Megget

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Megget
Megget is located in Scottish Borders
Megget
Megget
Megget shown within the Scottish Borders
OS grid referenceNT203227
Council area
CountryScotland
Sovereign stateUnited Kingdom
Post townSelkirk
Postcode districtTD
Dialling code01750
PoliceScottish
FireScottish
AmbulanceScottish
EU ParliamentScotland
UK Parliament
Scottish Parliament
List of places
UK
Scotland
55°29′30″N 3°15′47″W / 55.491571°N 3.2629476°W / 55.491571; -3.2629476Coordinates: 55°29′30″N 3°15′47″W / 55.491571°N 3.2629476°W / 55.491571; -3.2629476
Parish of Lyne and Megget: Megget part (1821)

Megget is a former chapelry or parish containing the valley of Megget Water, now forming the westernmost part of the parish of Yarrow, Selkirkshire in the Scottish Borders area of Scotland. The centre of the valley is 19 miles west of Selkirk.

The district is bordered on the west by the parish of Tweedsmuir, on the north-west by Drumelzier and on the north by Manor (all in Peeblesshire).[1] On the east side it is joined to the rest of the present parish of Yarrow, but formerly the parish boundary with Yarrow ran southwards from Black Law to Deer Law to Cappercleuch burn thence to St. Mary's Loch and continued down the west shore of the loch for almost a mile to Mare Cleuch by the Rodono Hotel.[2] It is bounded on the south by Ettrick in Selkirkshire and on the south-west by Moffat in Dumfriesshire. Megget Stone lies on the western parish boundary, with Tweedsmuir.[3]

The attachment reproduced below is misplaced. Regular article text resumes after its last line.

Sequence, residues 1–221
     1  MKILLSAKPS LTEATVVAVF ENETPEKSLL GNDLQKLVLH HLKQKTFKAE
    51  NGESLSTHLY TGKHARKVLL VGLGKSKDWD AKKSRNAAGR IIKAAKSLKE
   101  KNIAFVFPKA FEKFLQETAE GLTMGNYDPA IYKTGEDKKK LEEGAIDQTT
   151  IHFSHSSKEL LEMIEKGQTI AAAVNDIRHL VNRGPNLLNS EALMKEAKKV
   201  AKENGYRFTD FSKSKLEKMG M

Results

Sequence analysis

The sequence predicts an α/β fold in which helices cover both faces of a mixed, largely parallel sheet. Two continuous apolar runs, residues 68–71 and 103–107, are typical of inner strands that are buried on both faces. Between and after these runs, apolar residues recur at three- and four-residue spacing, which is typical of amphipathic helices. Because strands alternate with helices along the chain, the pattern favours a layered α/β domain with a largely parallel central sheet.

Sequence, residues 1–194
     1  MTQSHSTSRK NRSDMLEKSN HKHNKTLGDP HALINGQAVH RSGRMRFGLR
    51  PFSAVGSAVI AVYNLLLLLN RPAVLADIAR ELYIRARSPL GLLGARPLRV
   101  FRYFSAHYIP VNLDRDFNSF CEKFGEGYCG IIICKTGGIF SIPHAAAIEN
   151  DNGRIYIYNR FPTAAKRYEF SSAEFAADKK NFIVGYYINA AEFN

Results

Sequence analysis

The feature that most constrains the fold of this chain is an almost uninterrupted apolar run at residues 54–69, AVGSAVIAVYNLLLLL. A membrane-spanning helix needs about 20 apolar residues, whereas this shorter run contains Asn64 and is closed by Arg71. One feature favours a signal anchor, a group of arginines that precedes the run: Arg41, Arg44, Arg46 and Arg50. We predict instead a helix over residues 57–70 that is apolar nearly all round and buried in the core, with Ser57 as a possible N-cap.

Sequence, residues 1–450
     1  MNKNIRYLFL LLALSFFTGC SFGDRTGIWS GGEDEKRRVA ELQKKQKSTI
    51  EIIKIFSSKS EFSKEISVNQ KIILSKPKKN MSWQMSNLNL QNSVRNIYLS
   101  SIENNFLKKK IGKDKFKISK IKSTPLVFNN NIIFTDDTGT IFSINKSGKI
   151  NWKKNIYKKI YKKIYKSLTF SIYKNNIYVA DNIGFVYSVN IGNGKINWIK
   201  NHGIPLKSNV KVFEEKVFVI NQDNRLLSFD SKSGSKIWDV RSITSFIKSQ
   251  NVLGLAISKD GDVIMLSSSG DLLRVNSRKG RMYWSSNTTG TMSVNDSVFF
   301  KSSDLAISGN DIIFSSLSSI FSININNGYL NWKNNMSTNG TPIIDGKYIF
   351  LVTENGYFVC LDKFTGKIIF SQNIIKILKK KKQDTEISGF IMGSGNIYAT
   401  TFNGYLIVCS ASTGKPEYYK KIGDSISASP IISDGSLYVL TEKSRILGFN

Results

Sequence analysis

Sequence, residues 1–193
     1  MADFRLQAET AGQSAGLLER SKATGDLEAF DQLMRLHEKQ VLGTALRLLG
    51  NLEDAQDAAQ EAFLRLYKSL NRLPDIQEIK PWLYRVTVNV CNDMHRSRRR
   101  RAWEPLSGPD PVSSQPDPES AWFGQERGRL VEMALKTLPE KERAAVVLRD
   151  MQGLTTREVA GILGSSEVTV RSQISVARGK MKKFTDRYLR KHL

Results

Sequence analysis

It is about 7 miles long north to south and about 6 miles wide with an area of 14,500 acres.[1]

The population of Megget in 1861 was 53 [4] and in 1901 was 73.[5] At the latest census (in 2011) the population of Megget was around 50.[6]

The parish of Megget derived its name from the river Megget, which took its name from the whey colour of its waters (Gaelic or old Welsh).[7] Until 1891 it was part of Peeblesshire [8] and thus part of Tweeddale, however "the water of Meggit is the only water in Tweeddale, that pays no tribute to Tweed; but runs from the south-east, some five miles, and ends its course in the bosom of St Mary Loch, and from thence, with Yarrow, watereth the wοόdy banks of the Forrest" [9] (namely Ettrick Forest – the county of Selkirkshire).

Geography[edit]

Megget is almost entirely covered with hills, which extend in two parallel ranges from west to east, having between them a narrow valley, which scarcely in any part exceeds a quarter of a mile in breadth.[10]

Megget Water, rising at an altitude of 1500 feet, winds 7 miles east-north-eastward to St Mary's Loch, on the way being joined by Cramalt, Glengaber, and sixteen other burns. Along St Mary's Loch the surface declines to close on 800 feet above sea-level.[1] Megget Reservoir was opened in 1983, with a dam just upstream of the confluence of Megget Water and Glengaber Burn, flooding the area below 1,096 ft (above sea level) west of the dam.

The settlements in Megget, from west to east are: Meggethead, Winterhopeburn, Cramalt (and East Cramalt), Craigierig, Glengaber, Syart, Henderland and Cappercleuch.[11][12]

History[edit]

Megget War Memorial
formerly located at Megget chapel

Anciently, the vale of Megget was known as Rodonna, and formed a favourite hunting-ground of the Scottish sovereigns, until the deer were extirpated or became scarce in the reign of Queen Mary.[13] The ancient barony of Rodonna, comprising the vale of Megget, was granted by Alexander II to Melrose Abbey in 1236.[14]